Once again in 2022 the FTSE 100 is doing a smidge better than other global markets but, before UK investors get too excited, a big slide in sterling is a significant contributing factor to the outperformance.
The mood out there is pretty grim, with the relief rally seen in late May starting to feel like a distant memory. You know things are bad when the best performer among the UK’s top stocks is precious metal producer Fresnillo as investors reach for traditional safe havens.
Cryptocurrencies’ hopes of supplanting gold as a defensive asset have taken yet another buffeting as they continue to suffer heavy falls.
The hangover from a higher than expected US inflation reading is continuing to cause scissoring pain throughout the markets, as it extinguishes the hope the US Federal Reserve might be able to take its foot off the pedal on interest rate rises.
AJ Bell investment director Russ Mould said: “The FTSE 100’s relative resilience today is supported by its bevy of exporters, whose overseas earnings are boosted by the falling pound – the currency is in freefall as a shock drop in GDP raises fears of a recession.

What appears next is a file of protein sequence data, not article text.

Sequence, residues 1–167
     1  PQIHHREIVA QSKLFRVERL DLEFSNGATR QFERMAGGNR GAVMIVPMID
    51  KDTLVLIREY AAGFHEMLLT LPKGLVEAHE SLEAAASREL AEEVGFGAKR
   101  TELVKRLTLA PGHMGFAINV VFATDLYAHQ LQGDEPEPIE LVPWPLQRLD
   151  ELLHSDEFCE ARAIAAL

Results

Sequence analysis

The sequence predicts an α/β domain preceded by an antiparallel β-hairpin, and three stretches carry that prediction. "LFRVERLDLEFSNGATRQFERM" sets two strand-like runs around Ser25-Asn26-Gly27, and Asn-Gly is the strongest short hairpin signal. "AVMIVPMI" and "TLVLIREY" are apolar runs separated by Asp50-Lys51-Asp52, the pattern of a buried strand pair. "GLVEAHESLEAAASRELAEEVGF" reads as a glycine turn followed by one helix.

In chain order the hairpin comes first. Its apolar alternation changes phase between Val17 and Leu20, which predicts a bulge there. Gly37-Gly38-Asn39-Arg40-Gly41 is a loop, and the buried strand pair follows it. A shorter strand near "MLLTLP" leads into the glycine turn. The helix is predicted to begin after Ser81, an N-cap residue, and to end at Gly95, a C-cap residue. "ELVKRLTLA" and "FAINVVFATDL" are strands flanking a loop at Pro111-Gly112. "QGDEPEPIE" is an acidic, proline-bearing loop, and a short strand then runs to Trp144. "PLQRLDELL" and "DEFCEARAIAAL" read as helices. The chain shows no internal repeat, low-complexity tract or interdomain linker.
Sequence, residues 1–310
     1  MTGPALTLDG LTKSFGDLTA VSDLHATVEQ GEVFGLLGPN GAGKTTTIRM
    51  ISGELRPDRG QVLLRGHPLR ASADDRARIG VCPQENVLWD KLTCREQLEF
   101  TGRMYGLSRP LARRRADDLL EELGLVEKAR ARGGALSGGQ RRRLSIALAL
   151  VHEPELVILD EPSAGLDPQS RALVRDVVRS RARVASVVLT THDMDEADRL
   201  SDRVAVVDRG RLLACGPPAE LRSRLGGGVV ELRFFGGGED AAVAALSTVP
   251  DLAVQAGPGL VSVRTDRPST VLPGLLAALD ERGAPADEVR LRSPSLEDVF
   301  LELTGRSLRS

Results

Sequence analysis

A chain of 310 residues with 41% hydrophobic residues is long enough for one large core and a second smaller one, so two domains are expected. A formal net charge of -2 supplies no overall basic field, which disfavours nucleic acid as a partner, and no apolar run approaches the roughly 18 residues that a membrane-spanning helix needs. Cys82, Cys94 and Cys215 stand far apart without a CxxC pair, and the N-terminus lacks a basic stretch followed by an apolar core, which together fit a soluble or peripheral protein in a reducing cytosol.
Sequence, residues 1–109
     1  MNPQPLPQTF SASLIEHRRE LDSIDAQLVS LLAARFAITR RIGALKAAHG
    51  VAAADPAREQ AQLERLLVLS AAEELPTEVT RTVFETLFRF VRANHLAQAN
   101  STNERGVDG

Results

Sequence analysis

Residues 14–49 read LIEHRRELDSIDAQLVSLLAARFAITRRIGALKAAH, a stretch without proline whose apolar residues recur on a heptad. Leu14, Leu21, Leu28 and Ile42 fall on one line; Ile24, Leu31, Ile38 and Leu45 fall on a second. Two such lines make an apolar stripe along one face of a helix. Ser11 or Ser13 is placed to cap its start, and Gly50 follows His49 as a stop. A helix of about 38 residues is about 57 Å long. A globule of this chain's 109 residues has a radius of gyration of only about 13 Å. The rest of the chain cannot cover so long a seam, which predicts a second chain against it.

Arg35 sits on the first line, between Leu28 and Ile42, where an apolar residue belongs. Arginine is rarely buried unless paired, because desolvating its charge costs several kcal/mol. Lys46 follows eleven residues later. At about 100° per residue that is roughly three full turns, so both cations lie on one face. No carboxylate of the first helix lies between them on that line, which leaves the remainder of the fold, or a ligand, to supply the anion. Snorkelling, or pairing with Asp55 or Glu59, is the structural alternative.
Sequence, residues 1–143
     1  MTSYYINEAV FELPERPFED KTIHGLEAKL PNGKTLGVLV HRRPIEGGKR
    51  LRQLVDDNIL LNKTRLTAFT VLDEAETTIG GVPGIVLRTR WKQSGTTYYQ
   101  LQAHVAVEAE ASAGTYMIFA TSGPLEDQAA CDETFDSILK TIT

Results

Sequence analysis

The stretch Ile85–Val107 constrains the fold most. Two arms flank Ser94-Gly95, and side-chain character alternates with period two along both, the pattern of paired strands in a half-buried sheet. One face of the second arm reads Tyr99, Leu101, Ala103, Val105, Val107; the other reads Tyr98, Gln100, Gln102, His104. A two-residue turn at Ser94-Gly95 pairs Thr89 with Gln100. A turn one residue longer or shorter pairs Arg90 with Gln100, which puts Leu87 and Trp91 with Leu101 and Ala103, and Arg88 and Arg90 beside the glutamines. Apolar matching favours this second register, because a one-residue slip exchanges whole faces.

“Background factors like the ending of the test and trace programme contributed to the weak figures but there was barely room for encouragement with most parts of the economy performing worse than expected.
“There looks to be precious little economic respite in sight with any boost from the Platinum Jubilee fading into the middle distance, energy prices remaining stubbornly high and another lifting of the price cap on gas and electricity still to come in October.
“While there has been some state support for households to cushion the blow of a cost of living crisis, many businesses, particularly smaller ones, are facing their own cost of operating crisis as they contend with big fuel bills, staff shortages, rising wages and supply chain problems. Expect calls for support for the corporate world to get louder.
“Investors are likely to remain jittery at least until the Fed has delivers its verdict on rates on Wednesday, with the Bank of England following suit a day later.”